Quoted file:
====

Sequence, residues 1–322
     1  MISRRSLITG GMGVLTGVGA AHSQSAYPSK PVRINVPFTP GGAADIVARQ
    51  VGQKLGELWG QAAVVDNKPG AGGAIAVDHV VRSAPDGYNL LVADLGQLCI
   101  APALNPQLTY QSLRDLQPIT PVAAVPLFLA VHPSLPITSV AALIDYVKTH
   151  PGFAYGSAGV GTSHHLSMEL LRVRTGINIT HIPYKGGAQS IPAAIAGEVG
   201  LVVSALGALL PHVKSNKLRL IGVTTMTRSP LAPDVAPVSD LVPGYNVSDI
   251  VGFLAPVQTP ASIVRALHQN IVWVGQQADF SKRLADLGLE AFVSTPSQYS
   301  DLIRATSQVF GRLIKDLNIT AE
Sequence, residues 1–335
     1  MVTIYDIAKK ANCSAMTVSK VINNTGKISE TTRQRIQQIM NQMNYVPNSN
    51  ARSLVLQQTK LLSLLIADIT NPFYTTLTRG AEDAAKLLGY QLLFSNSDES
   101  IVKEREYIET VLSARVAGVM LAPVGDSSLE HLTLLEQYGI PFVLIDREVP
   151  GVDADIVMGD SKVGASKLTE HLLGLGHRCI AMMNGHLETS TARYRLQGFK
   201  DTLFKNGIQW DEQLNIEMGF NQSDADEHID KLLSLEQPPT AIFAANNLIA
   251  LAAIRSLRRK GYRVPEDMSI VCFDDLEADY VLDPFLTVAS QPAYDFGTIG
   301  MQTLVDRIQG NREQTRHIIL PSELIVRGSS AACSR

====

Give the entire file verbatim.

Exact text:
Sequence, residues 1–322
     1  MISRRSLITG GMGVLTGVGA AHSQSAYPSK PVRINVPFTP GGAADIVARQ
    51  VGQKLGELWG QAAVVDNKPG AGGAIAVDHV VRSAPDGYNL LVADLGQLCI
   101  APALNPQLTY QSLRDLQPIT PVAAVPLFLA VHPSLPITSV AALIDYVKTH
   151  PGFAYGSAGV GTSHHLSMEL LRVRTGINIT HIPYKGGAQS IPAAIAGEVG
   201  LVVSALGALL PHVKSNKLRL IGVTTMTRSP LAPDVAPVSD LVPGYNVSDI
   251  VGFLAPVQTP ASIVRALHQN IVWVGQQADF SKRLADLGLE AFVSTPSQYS
   301  DLIRATSQVF GRLIKDLNIT AE
Sequence, residues 1–335
     1  MVTIYDIAKK ANCSAMTVSK VINNTGKISE TTRQRIQQIM NQMNYVPNSN
    51  ARSLVLQQTK LLSLLIADIT NPFYTTLTRG AEDAAKLLGY QLLFSNSDES
   101  IVKEREYIET VLSARVAGVM LAPVGDSSLE HLTLLEQYGI PFVLIDREVP
   151  GVDADIVMGD SKVGASKLTE HLLGLGHRCI AMMNGHLETS TARYRLQGFK
   201  DTLFKNGIQW DEQLNIEMGF NQSDADEHID KLLSLEQPPT AIFAANNLIA
   251  LAAIRSLRRK GYRVPEDMSI VCFDDLEADY VLDPFLTVAS QPAYDFGTIG
   301  MQTLVDRIQG NREQTRHIIL PSELIVRGSS AACSR